We’ve probably all experienced having the “pot boil over” or “run dry” at one time or another. The same is frequently true on a much larger scale with many industrial processes. These large events can prove costly whether running dry or overflowing, resulting in lost product, lost production time, damage to the tank, or even operator injury. And then there is the cleanup!
The fact is, many procedures require the operator to monitor the bin or tank level – especially on older equipment. This human factor is prone to fail due to inattention, distractions, and lack of proper training. With today’s employee turnover and the brain drain of retirements, we need to help the operators out.
Multiple solutions exist that can provide operators with sufficient warning of the tank and bin levels being either too low or too high. This article provides a framework and checklist to guide the selection of the best technology for a specific application.
What type of monitoring is necessary?
First, consider whether the application requires or would benefit from continuous monitoring, or is point-level monitoring all that is needed?
- Point-level monitoring is the simplest. It is essentially sensing whether the product is present at specific detection point(s) in the tank or bin. If the goal is to avoid running dry or overflowing, monitoring the bin or tank point level may be all that is required. Point-level sensors typically are best if the product levels can be detected through the wall or inside the tank or bin itself. A number of sensors can prevent false readings with products that are viscous, leaving residue on the sensor, and even ignore foam.
- Continuous-level monitoring detects levels along a range – from full to empty. This is required when the exact level of the product must be known, such as for batch mixing.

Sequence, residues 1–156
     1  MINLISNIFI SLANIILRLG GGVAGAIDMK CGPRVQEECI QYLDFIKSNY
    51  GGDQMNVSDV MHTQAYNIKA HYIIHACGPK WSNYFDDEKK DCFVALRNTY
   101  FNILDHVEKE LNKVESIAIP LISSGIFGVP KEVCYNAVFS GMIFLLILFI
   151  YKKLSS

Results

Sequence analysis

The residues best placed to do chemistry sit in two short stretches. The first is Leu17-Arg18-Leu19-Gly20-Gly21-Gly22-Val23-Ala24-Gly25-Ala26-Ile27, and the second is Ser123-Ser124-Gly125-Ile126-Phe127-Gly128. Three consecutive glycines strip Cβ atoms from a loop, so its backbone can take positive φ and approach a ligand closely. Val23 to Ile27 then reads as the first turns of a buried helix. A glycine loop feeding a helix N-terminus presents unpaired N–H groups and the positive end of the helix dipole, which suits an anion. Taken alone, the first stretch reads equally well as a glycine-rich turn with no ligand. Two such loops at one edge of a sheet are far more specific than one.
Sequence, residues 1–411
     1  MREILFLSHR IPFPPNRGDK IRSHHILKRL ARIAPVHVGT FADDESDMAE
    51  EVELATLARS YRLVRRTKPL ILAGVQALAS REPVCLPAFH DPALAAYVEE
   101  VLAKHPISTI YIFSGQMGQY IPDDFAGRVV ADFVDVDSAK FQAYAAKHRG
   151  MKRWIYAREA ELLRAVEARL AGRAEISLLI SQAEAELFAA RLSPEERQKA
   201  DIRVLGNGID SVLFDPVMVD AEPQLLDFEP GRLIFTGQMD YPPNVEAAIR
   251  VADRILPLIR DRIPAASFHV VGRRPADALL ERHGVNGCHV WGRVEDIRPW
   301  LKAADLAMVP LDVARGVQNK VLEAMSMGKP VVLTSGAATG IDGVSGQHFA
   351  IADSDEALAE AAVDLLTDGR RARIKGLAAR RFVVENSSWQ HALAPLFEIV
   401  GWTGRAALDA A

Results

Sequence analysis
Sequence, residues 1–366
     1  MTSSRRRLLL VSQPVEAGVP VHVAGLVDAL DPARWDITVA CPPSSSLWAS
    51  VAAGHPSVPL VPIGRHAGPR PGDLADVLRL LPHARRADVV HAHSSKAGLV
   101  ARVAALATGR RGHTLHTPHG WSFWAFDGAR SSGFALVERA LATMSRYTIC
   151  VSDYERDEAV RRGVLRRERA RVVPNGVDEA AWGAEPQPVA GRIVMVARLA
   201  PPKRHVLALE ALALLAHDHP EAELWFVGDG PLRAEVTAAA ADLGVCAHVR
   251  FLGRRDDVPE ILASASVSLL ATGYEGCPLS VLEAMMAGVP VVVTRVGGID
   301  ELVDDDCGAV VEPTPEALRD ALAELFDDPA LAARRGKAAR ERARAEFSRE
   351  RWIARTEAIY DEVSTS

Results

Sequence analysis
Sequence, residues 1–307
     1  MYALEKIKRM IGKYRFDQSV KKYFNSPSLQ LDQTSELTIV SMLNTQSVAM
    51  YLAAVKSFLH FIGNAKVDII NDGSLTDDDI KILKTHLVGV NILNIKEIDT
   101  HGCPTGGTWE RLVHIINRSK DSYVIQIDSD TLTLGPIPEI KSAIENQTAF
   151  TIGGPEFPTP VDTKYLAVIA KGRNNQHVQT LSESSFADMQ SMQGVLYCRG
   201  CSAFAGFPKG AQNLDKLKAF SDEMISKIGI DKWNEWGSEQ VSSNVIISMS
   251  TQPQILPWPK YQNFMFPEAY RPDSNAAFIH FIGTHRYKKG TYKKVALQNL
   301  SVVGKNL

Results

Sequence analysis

Checklist for sensor selection
The checklist below can help guide you to what should be the appropriate technologies to consider for your particular application. Frequently, more than one type of technology may work, given the media (or product) you’re detecting, so it may make sense to test more than one.
Ultimately, the sensor(s) you select must reliably sense/detect the presence of the subject product (or media). Which solution is least costly is frequently a big consideration, but remember there can be a hefty cost associated with a sensor that gives a false reading to the operator or control system.
Choosing sensors for washdown or clean-in-place environments
For products that will be consumed or entered into the human body, further selection considerations may include sensors that must survive in washdown or clean-in-place environments without contaminating the product.
The encouraging news is that sensors exist for most applications to detect product levels reliably. The finesse is in selecting the best for a given application when multiple technologies can do the job.
Again, there may be some trial and error at play but this checklist should at least narrow the field and pointed you to the better solution/technology.